birthday). While the Taliban initially took credit for the shooting, they had to quickly come up with some excuses because the shooting caused an anti-Taliban uproar throughout Pakistan and the world. Since then the Taliban and other Islamic radical groups backed away from approving of the shooting but never denied that they were responsible. The government offered a $100,000 reward for the capture of the shooter and soon announced that they knew who the attackers were. Conservative Islamic clerics who usually approve of the Taliban policy on education for women were initially silent about this incident.
The Pakistani Taliban, and the many Pakistanis who believe that Islamic radicalism is the only way to solve Pakistan’s problems with corruption and poverty, have managed to convince many Pakistanis that some recent high profile Taliban atrocities are actually efforts to defend Pakistan from Western plots and conspiracies. For example, back on October 9, 2012, in Pakistan's Swat Valley, a 14 year old girl (Malala Yousufzai) was shot in the head by a Taliban assassin. Two other girls on her school bus were wounded. Malala has become famous in Pakistan during the previous three years for opposing Taliban efforts to prevent girls from going to school. She began by writing an anonymous blog about her experiences trying to get an education despite Taliban opposition. Eventually she went public and the Taliban threatened retaliation, but few thought the terrorists would attack an individual teenage girl. Many teenage girls have been killed by Taliban bombs but the Taliban had not been known to target individual girls. Malala survived the shooting and the government arranged for her and her family to move to Britain, to avoid further attacks. Malala recovered from her wounds and is now speaking out again, including a recent speech at the UN (on her 16
But in the last six months the Taliban and their Islamic conservative allies have managed to convince many Pakistanis that Malala was actually working for the West and is probably on the CIA payroll. This is all described as part of an American plot to enslave Pakistan and harm Islam. This sort of paranoid fantasy has always played well in Moslem nations because Islam was founded as a militant religion and its teachings are full of praise for making war on non-believers and being alert to enemy schemes. Because of this mindset even some people in Swat now believe this, although most of the “Malala is evil” crowd consists mostly of people with little up-close experience with the Taliban.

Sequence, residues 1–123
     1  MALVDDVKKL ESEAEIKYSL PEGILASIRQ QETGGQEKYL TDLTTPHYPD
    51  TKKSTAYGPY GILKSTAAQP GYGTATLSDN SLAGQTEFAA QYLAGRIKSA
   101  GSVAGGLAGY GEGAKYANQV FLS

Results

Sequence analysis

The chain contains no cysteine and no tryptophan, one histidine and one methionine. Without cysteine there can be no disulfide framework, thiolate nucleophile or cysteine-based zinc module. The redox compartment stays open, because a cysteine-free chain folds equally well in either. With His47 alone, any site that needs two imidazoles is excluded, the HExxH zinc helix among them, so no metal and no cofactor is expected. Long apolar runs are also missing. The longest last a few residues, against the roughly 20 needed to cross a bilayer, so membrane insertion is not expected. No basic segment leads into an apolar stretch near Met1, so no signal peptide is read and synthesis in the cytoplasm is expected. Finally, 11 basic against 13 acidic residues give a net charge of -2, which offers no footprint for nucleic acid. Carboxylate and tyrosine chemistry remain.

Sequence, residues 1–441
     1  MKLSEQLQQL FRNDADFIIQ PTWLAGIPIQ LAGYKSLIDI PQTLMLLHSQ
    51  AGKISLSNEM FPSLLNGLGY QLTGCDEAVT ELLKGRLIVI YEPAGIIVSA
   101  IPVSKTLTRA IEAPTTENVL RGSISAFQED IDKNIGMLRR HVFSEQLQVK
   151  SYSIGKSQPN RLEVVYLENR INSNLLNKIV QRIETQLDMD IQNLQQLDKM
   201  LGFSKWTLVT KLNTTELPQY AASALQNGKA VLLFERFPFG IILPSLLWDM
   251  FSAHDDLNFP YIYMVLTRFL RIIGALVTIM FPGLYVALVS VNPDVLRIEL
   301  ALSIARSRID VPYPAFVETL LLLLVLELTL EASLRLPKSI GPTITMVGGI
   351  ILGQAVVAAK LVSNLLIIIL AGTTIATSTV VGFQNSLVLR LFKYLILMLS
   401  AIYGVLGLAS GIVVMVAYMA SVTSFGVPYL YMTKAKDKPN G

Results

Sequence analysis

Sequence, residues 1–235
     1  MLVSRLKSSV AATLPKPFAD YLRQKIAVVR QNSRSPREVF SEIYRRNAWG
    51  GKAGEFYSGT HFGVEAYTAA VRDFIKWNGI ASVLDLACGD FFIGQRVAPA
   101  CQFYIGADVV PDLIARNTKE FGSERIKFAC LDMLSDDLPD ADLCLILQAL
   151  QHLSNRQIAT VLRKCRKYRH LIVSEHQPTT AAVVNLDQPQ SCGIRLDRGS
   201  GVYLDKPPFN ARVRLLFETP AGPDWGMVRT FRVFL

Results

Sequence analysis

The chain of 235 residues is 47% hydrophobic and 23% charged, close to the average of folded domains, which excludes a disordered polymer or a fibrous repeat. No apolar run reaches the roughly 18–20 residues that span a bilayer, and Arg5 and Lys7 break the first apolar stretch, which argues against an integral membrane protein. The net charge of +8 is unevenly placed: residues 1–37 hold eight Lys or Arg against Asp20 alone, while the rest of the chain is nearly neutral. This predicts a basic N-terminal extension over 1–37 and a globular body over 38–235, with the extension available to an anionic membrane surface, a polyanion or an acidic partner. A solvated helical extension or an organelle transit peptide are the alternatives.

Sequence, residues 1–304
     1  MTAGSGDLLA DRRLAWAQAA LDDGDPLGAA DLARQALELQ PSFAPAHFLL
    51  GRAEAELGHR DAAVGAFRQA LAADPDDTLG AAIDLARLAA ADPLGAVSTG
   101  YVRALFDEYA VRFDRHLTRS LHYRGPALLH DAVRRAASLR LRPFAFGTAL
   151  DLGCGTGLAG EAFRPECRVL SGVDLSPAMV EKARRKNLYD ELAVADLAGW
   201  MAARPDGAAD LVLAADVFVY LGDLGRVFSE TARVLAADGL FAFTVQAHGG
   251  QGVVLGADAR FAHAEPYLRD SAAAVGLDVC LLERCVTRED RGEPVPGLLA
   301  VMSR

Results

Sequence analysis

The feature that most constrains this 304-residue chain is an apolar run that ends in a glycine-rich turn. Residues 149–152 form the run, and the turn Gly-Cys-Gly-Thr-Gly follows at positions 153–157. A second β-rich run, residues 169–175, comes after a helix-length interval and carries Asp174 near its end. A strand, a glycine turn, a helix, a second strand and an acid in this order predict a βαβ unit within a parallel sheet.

The people of Swat know better. The Swat Valley has been a battleground between the army and the Taliban for years. The Pakistani Taliban claims to have regained control of much of the tribal territories, including the Swat Valley (right outside the tribal territories). This is propaganda, not reality. The Pakistani Taliban still have armed men in many parts of the tribal territories, often operating from bases across the border in Afghanistan. The Pakistani Taliban are still very much at war with Pakistan and are loudly striving to "avenge" the death of Osama bin Laden and other foreign terrorists who had come to help the Pakistani Taliban. Attacks, like those against Malala Yousufzai, are supposed to remind everyone that the Taliban are still around.